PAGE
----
The Erdapfel–the Behaim terrestial globe Germanische National Museum

Changes in the conduct of wars and in the ownership of land led to a demand for better, more accurate maps and the more accurate determination of boundaries. Both requiring surveying and the instruments needed for surveying. In 1524 Peter Apian (1495–1552) a product of the 2nd Viennese school of mathematics published his Cosmographia in Ingolstadt, a textbook for astronomy, astrology, cartography and surveying.


The Cosmographia went through more than 30 expanded, updated editions, but all of which, apart from the first, were edited and published by Gemma Frisius (1508–1555) in Louvain. In 1533 in the third edition Gemma Frisius added an appendix Libellus de locorum describendum ratione, the first complete description of triangulation, the central method of cartography and surveying down to the present, which, of course in dependent on scientific instruments.


In 1533 Apian’s Instrumentum Primi Mobilis 


was published in Nürnberg by Johannes Petreius (c. 1497–1550) the leading scientific publisher in Europe, who would go on ten years later to publish, Copernicus’ De revolutionibus, which was a high point in the astronomical revival.

All of this constitutes a clear indication of the steep rise in the demand for scientific instruments in the hundred years between 1450 and 1550; a demand that the metal workers of Nürnberg were more than happy to fill. In the period between Regiomontanus and the middle of the 16th century Nürnberg also became a home for some of the leading mathematici of the period, mathematicians, astronomers, astrologers, cartographers, instrument makers and globe makers almost certainly, like Regiomontanus, at least partially attracted to the city by the quality and availability of the scientific instruments.  Some of them are well known to historians of Renaissance science, Erhard Etzlaub, Johannes Werner, Johannes Stabius (not a resident but a frequent visitor), Georg Hartmann, Johannes Neudörffer and Johannes Schöner.**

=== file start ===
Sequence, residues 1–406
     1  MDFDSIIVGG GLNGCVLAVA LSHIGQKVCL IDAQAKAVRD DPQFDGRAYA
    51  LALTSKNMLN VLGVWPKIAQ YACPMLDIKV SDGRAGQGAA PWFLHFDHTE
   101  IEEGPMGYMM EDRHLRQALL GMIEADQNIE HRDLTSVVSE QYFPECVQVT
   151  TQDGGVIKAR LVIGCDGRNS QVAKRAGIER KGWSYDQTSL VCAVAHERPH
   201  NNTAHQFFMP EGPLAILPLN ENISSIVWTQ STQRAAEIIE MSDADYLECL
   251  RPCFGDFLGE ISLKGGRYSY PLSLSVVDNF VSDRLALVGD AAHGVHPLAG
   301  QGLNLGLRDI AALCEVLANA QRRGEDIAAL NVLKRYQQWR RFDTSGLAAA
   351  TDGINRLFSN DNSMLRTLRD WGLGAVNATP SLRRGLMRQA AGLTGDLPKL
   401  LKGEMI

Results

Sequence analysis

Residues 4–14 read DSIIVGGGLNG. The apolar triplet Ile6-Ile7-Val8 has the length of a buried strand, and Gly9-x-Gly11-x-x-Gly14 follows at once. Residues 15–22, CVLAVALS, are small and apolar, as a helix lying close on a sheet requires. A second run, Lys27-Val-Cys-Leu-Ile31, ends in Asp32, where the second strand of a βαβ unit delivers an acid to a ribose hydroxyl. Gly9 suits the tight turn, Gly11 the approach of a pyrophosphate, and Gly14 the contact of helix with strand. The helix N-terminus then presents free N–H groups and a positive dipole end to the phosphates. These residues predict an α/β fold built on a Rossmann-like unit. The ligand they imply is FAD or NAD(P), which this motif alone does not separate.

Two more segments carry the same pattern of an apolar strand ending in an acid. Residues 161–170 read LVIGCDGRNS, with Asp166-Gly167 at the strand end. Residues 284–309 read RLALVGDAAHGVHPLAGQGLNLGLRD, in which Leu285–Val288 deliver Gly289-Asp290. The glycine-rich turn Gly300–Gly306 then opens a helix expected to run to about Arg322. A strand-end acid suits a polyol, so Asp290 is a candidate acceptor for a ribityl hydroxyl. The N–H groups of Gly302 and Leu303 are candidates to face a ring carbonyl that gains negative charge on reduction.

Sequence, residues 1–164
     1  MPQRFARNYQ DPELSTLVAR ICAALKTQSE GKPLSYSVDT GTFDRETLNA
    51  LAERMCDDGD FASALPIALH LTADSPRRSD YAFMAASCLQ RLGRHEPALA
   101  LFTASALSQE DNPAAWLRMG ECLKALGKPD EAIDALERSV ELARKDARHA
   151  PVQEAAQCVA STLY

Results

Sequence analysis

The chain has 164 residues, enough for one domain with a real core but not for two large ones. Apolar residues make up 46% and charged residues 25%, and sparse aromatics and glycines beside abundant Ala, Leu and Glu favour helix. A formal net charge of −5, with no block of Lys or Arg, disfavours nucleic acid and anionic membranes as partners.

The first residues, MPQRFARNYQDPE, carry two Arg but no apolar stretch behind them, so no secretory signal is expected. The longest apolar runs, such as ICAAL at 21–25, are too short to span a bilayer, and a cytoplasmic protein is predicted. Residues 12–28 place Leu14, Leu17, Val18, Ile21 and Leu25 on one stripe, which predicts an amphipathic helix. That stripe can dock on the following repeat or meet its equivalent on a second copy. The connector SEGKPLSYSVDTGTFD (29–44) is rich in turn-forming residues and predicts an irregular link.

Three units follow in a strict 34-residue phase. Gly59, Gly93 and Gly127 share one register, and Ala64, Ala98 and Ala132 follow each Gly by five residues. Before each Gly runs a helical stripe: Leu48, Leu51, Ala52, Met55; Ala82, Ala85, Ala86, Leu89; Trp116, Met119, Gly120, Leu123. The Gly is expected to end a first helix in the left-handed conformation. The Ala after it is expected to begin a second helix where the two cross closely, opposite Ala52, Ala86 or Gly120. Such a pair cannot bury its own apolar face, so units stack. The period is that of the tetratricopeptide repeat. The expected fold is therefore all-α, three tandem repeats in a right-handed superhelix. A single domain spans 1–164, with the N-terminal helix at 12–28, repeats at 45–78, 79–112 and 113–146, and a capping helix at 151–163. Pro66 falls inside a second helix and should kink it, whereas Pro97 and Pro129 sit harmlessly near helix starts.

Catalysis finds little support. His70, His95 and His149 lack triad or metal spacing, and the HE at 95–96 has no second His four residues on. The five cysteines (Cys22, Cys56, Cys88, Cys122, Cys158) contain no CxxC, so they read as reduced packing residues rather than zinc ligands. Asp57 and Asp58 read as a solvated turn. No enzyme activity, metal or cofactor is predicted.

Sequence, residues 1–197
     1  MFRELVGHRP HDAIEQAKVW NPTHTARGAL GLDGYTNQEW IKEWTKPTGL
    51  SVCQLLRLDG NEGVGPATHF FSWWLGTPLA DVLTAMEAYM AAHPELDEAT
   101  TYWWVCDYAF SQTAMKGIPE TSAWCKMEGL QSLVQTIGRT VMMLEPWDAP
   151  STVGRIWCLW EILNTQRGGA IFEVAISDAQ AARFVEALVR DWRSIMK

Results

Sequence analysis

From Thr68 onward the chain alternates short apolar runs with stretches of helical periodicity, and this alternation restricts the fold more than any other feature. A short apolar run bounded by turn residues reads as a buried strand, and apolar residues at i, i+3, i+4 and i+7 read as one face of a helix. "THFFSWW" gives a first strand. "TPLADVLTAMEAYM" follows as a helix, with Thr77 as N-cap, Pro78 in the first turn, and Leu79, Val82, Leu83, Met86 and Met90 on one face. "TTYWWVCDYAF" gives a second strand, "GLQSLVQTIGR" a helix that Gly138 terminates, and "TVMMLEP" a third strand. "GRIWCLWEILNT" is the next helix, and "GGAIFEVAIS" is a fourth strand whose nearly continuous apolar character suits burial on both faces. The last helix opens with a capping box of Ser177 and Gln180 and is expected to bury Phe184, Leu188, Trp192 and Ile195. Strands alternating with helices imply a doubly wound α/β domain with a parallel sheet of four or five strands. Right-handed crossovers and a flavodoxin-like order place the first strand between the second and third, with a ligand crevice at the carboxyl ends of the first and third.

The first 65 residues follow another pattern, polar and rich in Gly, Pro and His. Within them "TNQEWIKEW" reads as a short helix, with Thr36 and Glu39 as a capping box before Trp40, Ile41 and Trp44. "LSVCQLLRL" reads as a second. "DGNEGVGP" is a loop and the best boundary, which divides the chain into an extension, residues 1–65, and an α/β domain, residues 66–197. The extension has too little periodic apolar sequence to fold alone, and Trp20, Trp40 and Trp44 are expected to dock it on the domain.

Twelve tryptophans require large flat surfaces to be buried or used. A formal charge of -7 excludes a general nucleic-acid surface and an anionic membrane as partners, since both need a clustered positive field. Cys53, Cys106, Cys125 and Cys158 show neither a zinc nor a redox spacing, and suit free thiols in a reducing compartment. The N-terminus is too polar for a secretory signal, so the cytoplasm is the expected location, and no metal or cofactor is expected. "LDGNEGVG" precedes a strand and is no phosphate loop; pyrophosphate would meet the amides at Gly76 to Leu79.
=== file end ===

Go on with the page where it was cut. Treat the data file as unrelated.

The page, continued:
There is no doubt that around 1500, Nürnberg was one of the major producers and exporters of scientific instruments and I hope that I have shown above, in what is little more than a sketch of a fairly complex process, that this owed very little to science but much to the general geo-political and economic developments of the first 500 years of the city’s existence.

WI12; WI33 WI3; WI2; WI30;

One of the most beautiful sets on instruments manufactured in Nürnberg late 16th century. Designed by Johannes Pretorius (1537–1616), professor for astronomy at the Nürnberger University of Altdorf and manufactured by the goldsmith Hans Epischofer (c. 1530–1585) Germanische National Museum


**for an extensive list of those working in astronomy, mathematics, instrument making in Nürnberg (542 entries) see the history section of the Astronomie in Nürnberg website, created by Dr Hans Gaab.












Filed under Early Scientific Publishing, History of Astronomy, History of Cartography, History of Mathematics, History of Navigation, History of science, History of Technology, Renaissance Science

The Renaissance Mathematicus Christmas Trilogies explained for newcomers


Being new to the Renaissance Mathematicus one might be excused if one assumed that the blogging activities were wound down over the Christmas period. However, exactly the opposite is true with the Renaissance Mathematicus going into hyper-drive posting its annual Christmas Trilogy, three blog posts in three days. Three of my favourite scientific figures have their birthday over Christmas–Isaac Newton 25thDecember, Charles Babbage 26thDecember and Johannes Kepler 27thDecember–and I write a blog post for each of them on their respective birthdays. Before somebody quibbles I am aware that the birthdays of Newton and Kepler are both old style, i.e. on the Julian Calendar, and Babbage new style, i.e. on the Gregorian Calendar but to be honest, in this case I don’t give a shit. So if you are looking for some #histSTM entertainment or possibly enlightenment over the holiday period the Renaissance Mathematicus is your number one address. In case the new trilogy is not enough for you:

The Trilogies of Christmas Past